Villain Decay: The Djinn was scary and so much of a threat in the first film because he was utterly evil beyond redemption, completely immortal, his powers knew almost no bounds, and he would bring about hell on Earth if he got his three wishes. What stopped him from being an Invincible Villain was that the entire plan hinges on granting wishes, so the protagonist could technically stop it by not wishing at all and had to be constantly wary of saying anything that could possibly be interpreted by the evil Djinn as one. In the second film, he suddenly has to collect 1000 souls first, and much of the plot placed him in prison, where he was significantly less menacing as a villain. The third and fourth films continue the process by making the Djinn killable, and having to pursue romance with a woman.
Villains Blend in Better: The Djinn was last active in medieval Persia. After being imprisoned for several centuries and waking up in the modern day, he has absolutely no problem adjusting to his new surroundings.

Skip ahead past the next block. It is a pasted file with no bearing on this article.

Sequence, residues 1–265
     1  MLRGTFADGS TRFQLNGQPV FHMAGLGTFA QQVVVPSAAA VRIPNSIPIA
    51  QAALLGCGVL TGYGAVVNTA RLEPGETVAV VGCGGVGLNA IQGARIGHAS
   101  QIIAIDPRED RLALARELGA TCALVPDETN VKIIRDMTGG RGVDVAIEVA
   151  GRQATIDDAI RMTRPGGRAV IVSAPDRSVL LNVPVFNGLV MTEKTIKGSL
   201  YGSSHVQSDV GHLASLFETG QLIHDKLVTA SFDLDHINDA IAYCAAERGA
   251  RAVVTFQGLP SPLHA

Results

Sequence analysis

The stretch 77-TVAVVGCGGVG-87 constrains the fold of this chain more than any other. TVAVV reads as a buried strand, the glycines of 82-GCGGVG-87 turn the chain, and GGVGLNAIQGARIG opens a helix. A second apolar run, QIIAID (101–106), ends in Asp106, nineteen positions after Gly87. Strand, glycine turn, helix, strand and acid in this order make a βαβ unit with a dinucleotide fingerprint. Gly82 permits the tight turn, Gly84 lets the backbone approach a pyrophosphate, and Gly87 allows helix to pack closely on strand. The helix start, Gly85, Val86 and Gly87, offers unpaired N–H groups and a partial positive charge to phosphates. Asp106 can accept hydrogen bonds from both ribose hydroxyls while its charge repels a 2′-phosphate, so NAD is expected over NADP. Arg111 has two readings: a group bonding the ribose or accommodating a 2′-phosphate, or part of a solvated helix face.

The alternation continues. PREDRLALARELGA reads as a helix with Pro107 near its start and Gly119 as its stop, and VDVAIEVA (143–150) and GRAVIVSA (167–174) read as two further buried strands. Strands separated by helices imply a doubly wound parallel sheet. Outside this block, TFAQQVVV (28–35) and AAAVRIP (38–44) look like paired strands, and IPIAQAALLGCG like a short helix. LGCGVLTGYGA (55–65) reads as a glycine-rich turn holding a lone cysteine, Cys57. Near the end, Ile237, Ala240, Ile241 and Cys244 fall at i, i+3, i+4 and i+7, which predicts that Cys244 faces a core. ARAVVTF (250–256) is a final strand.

Villains Out Shopping: The Djinn goes shopping for a suit in the first film. It's not used to humanize him however, as he simply uses the opportunity to Kick the Dog one more time by condemning some poor clerk to another horrific fate.
Viva Las Vegas: The end of Evil Never Dies takes place there, since it is the best place to find a ton of people wishing. As the Djinn put it:
Voice Changeling: In the second film, the Djinn lures Morgana to the casino over the phone by impersonating the Russian gangster he became acquainted with.
Void Between the Worlds: The Djinn's home dimension is described as this (although it looks more like Hell in actuality), and he boasts about actually being one of the few beings to have walked the abyss between the planes. The Djinn's goal is to merge it with the human realm, and allow his race to rule the Earth.